The German-Cambodia Conservation School

Training in the German-Cambodia Conservation School. Source: Phnom Penh Post 20141003

A feature on the German-Cambodia Conservation School and their work in training Southeast Asian conservators.

Training in the German-Cambodia Conservation School. Source: Phnom Penh Post 20141003
Training in the German-Cambodia Conservation School. Source: Phnom Penh Post 20141003

Germany helps preserve heritage
Phnom Penh Post, 03 October 2014

As of late September, there have been 10 training courses for officials from museums in ASEAN countries to teach them more about conservation, namely how to repair and maintain ancient artefacts. The professional training offered by the German-Cambodia Conservation School (GCCS) is supported by funding and technical assistance from the Cultural Conservation Program of the German Foreign Office.

Seng Sonetra, a teacher with GCCS, said the school’s 10th course had just been completed and that she was preparing for the 11th course early this month.

“Trainees selected for each course are required to be staff or senior officials from any museum in the 10 ASEAN countries, and they must have archaeological skills,” she said. “In the 10 courses, we have had 20 trainers, mostly from ASEAN museums – two from Laos, five from Vietnam, four from Indonesia and one from the Philippines, and eight are officials and Cambodian students.”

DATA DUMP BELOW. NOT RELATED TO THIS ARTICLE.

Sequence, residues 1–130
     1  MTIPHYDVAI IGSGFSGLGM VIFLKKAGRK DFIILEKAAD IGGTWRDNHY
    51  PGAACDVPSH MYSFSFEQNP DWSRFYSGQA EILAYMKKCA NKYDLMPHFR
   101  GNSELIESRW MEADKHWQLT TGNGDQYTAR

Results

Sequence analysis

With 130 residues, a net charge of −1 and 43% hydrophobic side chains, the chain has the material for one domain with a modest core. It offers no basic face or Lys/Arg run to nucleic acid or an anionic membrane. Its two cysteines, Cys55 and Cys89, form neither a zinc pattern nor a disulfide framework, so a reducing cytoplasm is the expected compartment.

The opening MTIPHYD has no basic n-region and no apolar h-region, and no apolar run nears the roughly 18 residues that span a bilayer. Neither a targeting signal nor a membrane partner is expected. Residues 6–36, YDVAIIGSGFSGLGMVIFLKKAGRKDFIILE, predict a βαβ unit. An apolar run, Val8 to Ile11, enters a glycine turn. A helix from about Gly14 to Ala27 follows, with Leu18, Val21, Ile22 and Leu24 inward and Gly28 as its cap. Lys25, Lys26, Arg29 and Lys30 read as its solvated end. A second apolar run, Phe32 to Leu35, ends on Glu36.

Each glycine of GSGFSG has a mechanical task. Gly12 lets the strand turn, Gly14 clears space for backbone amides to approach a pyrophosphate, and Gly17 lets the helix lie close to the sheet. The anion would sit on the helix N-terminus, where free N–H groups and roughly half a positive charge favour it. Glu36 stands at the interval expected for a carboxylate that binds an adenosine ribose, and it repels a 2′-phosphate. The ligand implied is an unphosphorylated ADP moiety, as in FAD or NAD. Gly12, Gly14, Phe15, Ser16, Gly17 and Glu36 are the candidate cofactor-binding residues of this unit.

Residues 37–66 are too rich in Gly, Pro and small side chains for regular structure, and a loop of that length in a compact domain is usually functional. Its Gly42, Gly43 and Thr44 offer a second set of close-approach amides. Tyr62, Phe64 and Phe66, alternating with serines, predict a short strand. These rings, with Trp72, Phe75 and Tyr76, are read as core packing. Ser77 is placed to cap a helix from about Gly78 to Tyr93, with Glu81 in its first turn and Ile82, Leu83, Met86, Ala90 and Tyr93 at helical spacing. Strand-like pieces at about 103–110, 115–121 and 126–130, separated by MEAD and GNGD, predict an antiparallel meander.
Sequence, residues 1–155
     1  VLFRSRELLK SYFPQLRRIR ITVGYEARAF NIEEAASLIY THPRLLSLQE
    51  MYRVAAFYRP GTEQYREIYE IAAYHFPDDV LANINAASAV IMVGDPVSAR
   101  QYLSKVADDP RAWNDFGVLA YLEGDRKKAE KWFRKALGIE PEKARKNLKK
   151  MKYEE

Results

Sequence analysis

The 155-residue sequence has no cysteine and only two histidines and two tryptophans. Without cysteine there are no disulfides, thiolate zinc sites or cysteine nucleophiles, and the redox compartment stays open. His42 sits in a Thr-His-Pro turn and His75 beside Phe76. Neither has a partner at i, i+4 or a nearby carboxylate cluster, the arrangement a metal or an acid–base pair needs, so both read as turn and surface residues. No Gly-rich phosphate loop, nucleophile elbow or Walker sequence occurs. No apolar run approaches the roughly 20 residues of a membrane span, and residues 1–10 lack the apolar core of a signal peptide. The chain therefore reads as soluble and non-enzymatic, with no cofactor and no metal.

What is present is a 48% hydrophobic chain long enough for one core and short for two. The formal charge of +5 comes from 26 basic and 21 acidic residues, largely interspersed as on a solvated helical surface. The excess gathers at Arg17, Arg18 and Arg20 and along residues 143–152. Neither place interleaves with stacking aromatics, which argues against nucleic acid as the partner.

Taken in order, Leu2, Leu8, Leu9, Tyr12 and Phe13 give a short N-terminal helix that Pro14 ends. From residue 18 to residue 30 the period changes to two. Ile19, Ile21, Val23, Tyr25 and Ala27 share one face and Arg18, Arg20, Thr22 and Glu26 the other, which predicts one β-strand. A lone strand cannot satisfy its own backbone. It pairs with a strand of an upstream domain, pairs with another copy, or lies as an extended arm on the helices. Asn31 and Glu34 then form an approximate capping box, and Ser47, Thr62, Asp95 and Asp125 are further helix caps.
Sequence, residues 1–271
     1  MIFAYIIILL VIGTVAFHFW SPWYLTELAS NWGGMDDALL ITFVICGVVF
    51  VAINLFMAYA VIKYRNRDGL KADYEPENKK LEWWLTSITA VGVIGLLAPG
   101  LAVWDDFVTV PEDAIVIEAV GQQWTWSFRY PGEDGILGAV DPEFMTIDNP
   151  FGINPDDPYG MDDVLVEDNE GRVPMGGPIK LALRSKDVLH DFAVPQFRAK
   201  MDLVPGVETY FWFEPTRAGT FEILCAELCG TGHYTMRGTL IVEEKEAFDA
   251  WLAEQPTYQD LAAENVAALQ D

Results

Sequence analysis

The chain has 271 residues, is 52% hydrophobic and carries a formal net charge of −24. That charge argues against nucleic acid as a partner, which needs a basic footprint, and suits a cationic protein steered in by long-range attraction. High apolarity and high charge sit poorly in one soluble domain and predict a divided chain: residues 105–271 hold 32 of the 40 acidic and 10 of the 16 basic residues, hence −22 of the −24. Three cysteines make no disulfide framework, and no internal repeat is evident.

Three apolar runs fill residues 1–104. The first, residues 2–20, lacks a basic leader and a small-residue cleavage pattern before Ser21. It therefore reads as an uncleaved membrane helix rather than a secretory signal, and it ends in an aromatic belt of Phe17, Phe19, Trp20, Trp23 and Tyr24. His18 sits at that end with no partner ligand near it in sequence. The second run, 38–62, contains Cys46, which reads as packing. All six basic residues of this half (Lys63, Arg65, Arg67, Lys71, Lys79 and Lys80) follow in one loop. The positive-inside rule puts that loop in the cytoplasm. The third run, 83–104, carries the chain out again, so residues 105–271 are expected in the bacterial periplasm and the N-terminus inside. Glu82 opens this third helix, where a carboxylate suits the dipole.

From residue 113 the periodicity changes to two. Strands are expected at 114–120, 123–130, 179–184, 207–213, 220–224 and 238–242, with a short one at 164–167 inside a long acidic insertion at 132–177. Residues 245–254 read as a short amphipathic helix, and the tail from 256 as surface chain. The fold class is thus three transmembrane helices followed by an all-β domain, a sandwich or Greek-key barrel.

Sonetra explained that each course lasts six weeks. The course is divided into three phases – the first four weeks are centred around theory and are conducted in a classroom, which is the repairing room. “We focus on the technical methodology of conserving and repairing ancient artefacts and how to use scientific tools.

Full story here.

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Author: Noel Tan

Dr Noel Hidalgo Tan is the Senior Specialist in Archaeology at SEAMEO-SPAFA, the Southeast Asian Regional Centre for Archaelogy and Fine Arts.

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